Combined mass is also higher than the sum of the rated front and rear axles' spring capacity, at 3000 + 3900 = 6900 lb; 8400/6900 = 122% of rating. The added load would be biased to the rear, so the rear suspension would have been resting hard on the rubber bumpers at the bottom of spring travel when the vehicle was stationary.
It would be standing room only, except for the remaining 2 front seats, so cg of the overloaded vehicle would be higher than normal, affecting fore/aft weight distribution during accel or decel as well as lateral roll in cornering.

Stopping distance is noticeably longer when towing a brakeless trailer & load combined amounting to ~50% of pickup truck weight. I can feel the changed dynamics effects of a single passenger in my little Honda Insight, a change of ~10% in total mass.

To put that 68% in perspective, it would have felt as if the V8 engine had been reduced to a little less than 5 cylinders. (8/1.68=4.762)

https://www.driverside.com/specs/for...97-2373-4906-0
https://www.beautytohealth.com/avera...men-and-women/
https://www.wisegeek.com/what-is-the...-in-the-us.htm
https://www.hotrodders.com/threads/h...ameter.101007/

Last fiddled with by kriesel on 2021-03-04 at 09:01
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Old 2021-03-04, 17:02   #1340
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Assuming that the brakes exert a constant force independent of how heavily laden the vehicle may be, and cheerfully ignoring other effects of increasing the weight of a vehicle, simple-minded formulas for constant acceleration say the stopping distance from a given speed would be proportional to the total weight.

So if the vehicle weighs 6000 lb with just the driver, adding 24 more people at 100 pounds each would increase the weight to 8400 pounds, and the stopping distance from a given speed would increase 40%. The effects of overloading on the power train, suspension, and tires would likely help bring the vehicle to a halt, but I don't know how much.
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Old 2021-03-04, 17:53   #1341
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F=ma again.
Air drag and rolling resistance help after the driver stops applying power to sustain speed, but are minor contributions.
If the limit is tire skid or ABS performance, vehicle load won't matter much; F/m = a = effective friction coefficient.
Code:
For rubber tyres on cars, the coefficient of friction (μ) decreases as the 
mass of the car increases. Additionally, μ depends on whether the wheels are 
locked or rolling during the braking, and a few more parameters such as 
rubber temperature (increases during the braking) and speed
To which I would add road surface type (concrete, asphalt, gravel, dirt), road and tire texture, and condition (clean and dry, or damp, wet, snow, ice, contains loose sand or gravel or any other debris or liquid)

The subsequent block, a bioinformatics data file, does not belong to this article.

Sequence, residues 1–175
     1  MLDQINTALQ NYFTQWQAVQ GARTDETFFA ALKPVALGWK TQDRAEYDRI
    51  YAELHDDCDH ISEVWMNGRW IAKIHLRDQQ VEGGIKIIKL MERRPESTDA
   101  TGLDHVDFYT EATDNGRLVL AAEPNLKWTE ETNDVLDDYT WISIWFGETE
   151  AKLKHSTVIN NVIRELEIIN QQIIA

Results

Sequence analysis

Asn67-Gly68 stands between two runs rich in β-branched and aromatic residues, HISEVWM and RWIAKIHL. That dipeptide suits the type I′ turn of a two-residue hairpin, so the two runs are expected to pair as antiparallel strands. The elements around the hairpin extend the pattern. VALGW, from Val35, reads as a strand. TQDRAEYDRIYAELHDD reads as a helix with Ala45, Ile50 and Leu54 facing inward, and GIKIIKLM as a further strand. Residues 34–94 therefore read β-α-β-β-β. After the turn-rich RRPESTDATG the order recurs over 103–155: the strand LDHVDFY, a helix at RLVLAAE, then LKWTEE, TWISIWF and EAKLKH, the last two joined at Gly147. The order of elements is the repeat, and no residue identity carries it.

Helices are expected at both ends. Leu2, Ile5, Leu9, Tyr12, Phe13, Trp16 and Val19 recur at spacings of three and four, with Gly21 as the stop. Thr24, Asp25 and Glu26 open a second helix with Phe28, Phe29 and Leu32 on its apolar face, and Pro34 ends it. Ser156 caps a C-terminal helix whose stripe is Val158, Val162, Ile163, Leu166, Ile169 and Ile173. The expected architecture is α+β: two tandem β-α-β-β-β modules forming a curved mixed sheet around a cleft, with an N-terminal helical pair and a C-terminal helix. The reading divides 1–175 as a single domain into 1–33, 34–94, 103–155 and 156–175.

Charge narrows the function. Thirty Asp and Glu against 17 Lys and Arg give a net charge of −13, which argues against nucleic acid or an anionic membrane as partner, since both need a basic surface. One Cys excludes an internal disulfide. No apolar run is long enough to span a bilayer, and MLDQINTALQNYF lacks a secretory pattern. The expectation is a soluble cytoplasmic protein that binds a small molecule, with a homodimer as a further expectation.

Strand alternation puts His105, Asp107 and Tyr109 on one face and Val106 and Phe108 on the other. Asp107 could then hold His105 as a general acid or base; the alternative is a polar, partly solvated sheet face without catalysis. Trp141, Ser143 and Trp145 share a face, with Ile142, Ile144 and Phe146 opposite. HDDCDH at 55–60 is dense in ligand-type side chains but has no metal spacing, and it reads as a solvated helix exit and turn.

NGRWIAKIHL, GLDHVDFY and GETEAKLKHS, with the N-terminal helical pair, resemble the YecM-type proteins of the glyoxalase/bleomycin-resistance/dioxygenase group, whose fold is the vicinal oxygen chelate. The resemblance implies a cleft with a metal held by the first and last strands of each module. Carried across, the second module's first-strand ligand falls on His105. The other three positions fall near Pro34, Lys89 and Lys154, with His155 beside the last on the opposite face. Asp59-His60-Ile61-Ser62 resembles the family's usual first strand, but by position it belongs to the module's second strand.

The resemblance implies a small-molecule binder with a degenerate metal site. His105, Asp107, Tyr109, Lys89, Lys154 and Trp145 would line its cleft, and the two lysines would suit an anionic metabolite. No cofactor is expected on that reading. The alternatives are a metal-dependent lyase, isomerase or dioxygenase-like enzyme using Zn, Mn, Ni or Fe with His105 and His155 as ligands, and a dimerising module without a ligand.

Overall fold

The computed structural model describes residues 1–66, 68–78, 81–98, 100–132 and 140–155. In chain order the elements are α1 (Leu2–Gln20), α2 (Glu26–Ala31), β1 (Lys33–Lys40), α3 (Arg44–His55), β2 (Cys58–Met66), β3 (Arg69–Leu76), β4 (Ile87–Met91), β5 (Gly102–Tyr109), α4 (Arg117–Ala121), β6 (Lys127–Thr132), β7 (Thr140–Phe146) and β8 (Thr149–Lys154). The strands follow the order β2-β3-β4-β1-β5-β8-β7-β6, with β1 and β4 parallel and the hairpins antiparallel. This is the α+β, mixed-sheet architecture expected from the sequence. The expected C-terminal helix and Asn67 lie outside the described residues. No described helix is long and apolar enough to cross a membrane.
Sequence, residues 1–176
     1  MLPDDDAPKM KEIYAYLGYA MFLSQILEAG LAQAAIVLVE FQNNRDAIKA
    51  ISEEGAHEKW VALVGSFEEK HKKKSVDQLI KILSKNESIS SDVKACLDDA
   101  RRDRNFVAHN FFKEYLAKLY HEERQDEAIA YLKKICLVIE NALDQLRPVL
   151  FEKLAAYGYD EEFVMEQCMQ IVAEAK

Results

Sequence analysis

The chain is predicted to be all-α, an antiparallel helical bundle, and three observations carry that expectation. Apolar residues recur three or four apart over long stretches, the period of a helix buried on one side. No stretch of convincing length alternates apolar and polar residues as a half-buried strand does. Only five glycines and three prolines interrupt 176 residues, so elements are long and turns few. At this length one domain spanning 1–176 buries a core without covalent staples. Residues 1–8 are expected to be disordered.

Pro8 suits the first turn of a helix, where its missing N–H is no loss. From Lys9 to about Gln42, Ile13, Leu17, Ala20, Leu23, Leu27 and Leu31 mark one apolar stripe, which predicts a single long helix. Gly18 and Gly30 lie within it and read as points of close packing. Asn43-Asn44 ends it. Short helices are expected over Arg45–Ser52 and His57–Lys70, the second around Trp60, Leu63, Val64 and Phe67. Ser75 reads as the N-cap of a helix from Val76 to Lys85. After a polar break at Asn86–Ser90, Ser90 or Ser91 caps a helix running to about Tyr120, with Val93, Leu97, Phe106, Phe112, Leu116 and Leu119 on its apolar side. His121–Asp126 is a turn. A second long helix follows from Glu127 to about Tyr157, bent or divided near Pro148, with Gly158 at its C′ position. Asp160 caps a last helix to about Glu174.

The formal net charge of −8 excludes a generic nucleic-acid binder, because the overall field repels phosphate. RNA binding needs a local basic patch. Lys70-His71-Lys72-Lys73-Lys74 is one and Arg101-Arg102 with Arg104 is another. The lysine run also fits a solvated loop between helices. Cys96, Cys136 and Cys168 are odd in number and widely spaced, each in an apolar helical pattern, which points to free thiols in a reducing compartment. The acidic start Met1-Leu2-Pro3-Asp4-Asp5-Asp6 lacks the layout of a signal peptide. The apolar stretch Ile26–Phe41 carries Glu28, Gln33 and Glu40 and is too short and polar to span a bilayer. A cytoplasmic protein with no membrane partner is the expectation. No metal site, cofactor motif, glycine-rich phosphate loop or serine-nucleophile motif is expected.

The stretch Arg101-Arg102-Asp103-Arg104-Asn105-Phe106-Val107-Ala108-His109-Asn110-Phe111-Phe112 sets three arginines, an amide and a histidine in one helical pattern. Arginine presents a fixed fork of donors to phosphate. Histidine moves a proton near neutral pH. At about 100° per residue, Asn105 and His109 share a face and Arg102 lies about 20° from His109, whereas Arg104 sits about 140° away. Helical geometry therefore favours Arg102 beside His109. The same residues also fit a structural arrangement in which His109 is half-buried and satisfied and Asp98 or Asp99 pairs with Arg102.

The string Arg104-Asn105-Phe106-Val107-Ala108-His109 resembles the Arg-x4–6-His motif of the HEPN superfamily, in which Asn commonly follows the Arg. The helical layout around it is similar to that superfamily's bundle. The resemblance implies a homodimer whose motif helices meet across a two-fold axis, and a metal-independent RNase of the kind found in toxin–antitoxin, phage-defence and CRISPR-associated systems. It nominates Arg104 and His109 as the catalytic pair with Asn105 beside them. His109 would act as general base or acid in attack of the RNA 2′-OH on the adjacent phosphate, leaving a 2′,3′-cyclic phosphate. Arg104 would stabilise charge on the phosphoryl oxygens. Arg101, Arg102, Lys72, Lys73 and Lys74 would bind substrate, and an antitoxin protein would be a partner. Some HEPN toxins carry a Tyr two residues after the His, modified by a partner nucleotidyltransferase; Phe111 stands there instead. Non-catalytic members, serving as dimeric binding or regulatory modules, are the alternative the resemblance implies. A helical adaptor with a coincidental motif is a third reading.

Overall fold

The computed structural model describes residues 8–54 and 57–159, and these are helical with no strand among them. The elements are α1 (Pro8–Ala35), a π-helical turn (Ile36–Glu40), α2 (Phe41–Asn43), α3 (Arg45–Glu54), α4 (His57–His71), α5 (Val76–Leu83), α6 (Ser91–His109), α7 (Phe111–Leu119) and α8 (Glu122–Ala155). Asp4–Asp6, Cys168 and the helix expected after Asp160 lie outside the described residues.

https://en.wikipedia.org/wiki/Braking_distance
https://www.apps.vtti.vt.edu/1-pager...20Friction.pdf

If the limit is brake fade, vehicle load may matter significantly
https://en.wikipedia.org/wiki/Brake_fade
Bursting rusted weak lines is more likely in an emergency, when a driver applies higher brake pedal force to try to stop as quickly as possible. If the brake lines burst, which is common on very old vehicles not well maintained, or on lines damaged by running over debris, driver recognition and reaction to apply the emergency brake can take considerable time and distance.
On an old vehicle, the cable actuating the emergency brakes may also be weakened and rusted, and break when it is most needed to brake.

In https://mersenneforum.org/showpost.p...postcount=1339 I used 150 lb/passenger, because the link provided there gave 149lb for average Latin American human weight.
1997 Ford Expedition curb weight ~4900 lb https://www.iseecars.com/car/1997-ford-expedition-specs
Gross Vehicle Weight Rating 6750 lb https://www.driverside.com/specs/for...97-2373-4906-0

Just don't overload your vehicle; some interesting photos here

Last fiddled with by kriesel on 2021-03-04 at 18:28
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Old 2021-03-04, 19:04   #1342
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Brake pedal force required for shortest possible stopping distance can exceed the physiological abilities of some drivers. Especially if the power brake assist is weak or absent. https://www.autosafety.org/wp-conten...the-Engine.pdf

Under normal loading/road test, "The Expedition and the Chevy tie for distance in the 60-0-mph test at 142 ft, while the Ford brake system offers by far the best feel of the trio-with virtually no ABS vibration or kickback through the pedal." That's probably distance from pedal actuation to stop, omitting the driver perception, decision, and reaction times (~132 feet at 60 mph = 88 ft/sec). https://www.motortrend.com/news/chevrolet-tahoe-2/